“It seems like they’re trying to get the smartest people in the same building and get them to talk to one another,” said Michael Bell, a PhD candidate and research fellow at Harvard’s School of Engineering who was demoing the university’s latest work with soft robotic grippers. “People have come by and asked me whether they can use these things to clean up the oceans. You don’t really get that at other conferences.”

Amazon, therefore, is innovating in conferences as well as drone surveillance within a geo-fenced area. (See the Tuesday, July 9, 2019, DarkCyber for more about this five year old Amazon innovation.)

The conference was interrupted by a pro-animal protester. The author of the write up suggested he felt like a package on a conveyor belt. Plus robots are in the Amazon future.

Chug, chug, chug goes the Bezos bulldozer.

Cat Flap with DeepLens

Digital Trends revealed that an Amazon employee connected the smart DeepLens video camera to an automatic pet door. The link up work. The feline can no longer bring dead animals into the Amazon worker’s home. The Rekognition image recognition system seems to work well for dead birds, deceased squirrels, and terminated rats. People? DarkCyber can only point to the next story in this week’s Amazonia.

Amazon Facial Analysis: Some Blind Spots?

An online information service called Jezebel published “Amazon’s Facial Analysis Program Is Building a Dystopic Future for Trans and Nonbinary People.” DarkCyber has a hunch that this means that Amazon’s facial recognition is [a] inaccurate and [b] biased. You will have to judge for yourself. DarkCyber noted this passage:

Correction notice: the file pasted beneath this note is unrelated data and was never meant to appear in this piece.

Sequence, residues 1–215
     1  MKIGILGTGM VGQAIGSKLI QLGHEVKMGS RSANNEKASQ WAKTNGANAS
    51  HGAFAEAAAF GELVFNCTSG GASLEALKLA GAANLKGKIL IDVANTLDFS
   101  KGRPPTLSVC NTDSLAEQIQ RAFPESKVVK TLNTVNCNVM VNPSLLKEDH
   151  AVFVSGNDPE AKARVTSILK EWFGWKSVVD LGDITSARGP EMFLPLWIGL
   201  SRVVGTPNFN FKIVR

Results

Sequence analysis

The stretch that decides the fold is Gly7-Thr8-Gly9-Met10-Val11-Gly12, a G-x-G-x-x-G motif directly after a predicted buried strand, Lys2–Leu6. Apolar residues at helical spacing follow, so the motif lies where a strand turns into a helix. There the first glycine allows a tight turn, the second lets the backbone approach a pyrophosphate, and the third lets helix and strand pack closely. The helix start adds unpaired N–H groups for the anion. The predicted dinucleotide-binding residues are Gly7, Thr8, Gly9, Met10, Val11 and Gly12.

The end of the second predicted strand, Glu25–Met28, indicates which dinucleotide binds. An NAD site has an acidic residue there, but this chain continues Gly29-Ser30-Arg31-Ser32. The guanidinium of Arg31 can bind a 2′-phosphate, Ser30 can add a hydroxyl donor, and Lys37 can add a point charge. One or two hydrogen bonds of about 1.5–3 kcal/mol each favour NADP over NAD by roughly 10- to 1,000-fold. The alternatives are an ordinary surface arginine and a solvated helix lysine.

Rekognition, in particular, has some prodigious—and highly concerning—blind spots, especially around gender identity. A Jezebel investigation has found that Rekognition frequently misgenders trans, queer and nonbinary individuals. Furthermore, in a set of photos of explicitly nonbinary individuals Rekognition misgendered all of them—a mistake that’s baked into the program’s design, since it measures gender as a binary. In itself, that’s a problem: it erases the existence of an already marginalized group of people, and, in doing so, creates a system that mirrors the myriad ways that nonbinary people are left out of basic societal structures. What’s more, as Rekognition becomes more widely used, among government agencies, police departments, researchers and tech companies, that oversight has the potential to spread.

As Amazon becomes less secret and marginally more open, criticism of Amazon has increased. DarkCyber is not convinced that facial recognition systems vary much from developer to developer. Nevertheless, Amazon image technology is being sold and applied in interesting new ways.

Amazon and Automation: Job Losses? Yep.

Amazon’s Future Vision of AI, Warehouse Bots and Alexa” is an exclusive look at Amazon’s artificial intelligence and automation work and how it may impact jobs.” In a nutshell, humans will have a tough time getting hired after Amazon’s vision is implemented. The write up points out:

Amazon executives say they don’t see gloom and doom in AI and automation, noting that they continue to hire thousands more people to work alongside their warehouse bots and to create the latest machine-learning code.

By the way, code camps may not provide the ticket to future employment. One can give Amazon’s training programs a try. Universities are embracing the Amazon way. Student loans? Not an Amazon problem.

Amazon to Add Jobs in the UK

Forbes reports that Amazon will add 2,000 jobs in the Brexit-challenged country. If those hires take place, Amazon will employ 29,500 people across its more than 17 locations. Forbes suggests that these will be low wage jobs in the Amazon “fulfillment network.” That euphemism translates to warehouses for the DarkCyber team.